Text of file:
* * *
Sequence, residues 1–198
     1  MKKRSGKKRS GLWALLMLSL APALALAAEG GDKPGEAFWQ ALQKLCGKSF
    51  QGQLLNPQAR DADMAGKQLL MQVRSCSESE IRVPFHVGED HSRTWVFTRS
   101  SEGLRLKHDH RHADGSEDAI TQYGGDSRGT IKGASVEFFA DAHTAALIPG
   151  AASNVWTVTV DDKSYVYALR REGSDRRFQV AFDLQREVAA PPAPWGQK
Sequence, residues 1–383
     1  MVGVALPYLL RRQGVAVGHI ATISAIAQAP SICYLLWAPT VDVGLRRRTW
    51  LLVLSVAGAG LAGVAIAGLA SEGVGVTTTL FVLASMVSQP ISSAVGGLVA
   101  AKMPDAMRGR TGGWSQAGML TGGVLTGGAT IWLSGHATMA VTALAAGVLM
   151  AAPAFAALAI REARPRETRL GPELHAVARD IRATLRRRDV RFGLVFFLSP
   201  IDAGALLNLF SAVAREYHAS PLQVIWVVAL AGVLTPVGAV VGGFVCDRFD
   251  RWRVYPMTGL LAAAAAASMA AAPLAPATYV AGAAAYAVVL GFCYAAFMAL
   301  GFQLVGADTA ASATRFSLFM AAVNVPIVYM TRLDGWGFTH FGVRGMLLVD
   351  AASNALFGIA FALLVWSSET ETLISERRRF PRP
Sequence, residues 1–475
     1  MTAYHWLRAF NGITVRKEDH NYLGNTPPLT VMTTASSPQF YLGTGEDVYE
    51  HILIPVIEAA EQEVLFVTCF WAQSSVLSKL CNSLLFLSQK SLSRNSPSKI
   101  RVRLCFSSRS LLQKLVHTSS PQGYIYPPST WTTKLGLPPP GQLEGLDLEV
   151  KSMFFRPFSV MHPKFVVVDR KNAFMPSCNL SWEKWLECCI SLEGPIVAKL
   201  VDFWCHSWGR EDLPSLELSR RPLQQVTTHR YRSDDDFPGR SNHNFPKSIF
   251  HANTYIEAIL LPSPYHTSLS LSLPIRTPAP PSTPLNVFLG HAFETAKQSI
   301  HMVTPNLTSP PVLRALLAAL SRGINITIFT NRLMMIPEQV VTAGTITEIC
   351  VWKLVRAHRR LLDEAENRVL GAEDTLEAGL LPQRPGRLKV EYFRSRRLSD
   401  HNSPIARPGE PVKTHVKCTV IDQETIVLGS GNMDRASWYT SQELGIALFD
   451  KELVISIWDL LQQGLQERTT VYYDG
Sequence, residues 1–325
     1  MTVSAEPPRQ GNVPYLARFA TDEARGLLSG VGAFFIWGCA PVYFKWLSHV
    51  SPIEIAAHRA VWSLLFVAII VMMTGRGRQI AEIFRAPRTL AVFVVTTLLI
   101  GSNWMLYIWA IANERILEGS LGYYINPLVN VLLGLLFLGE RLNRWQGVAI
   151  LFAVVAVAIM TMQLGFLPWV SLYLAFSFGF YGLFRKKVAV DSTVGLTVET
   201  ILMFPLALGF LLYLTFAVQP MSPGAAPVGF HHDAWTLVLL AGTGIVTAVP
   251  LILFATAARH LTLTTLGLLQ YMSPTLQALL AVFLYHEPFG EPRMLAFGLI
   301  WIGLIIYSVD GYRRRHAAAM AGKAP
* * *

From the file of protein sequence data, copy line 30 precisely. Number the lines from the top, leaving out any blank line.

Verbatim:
   151  LFAVVAVAIM TMQLGFLPWV SLYLAFSFGF YGLFRKKVAV DSTVGLTVET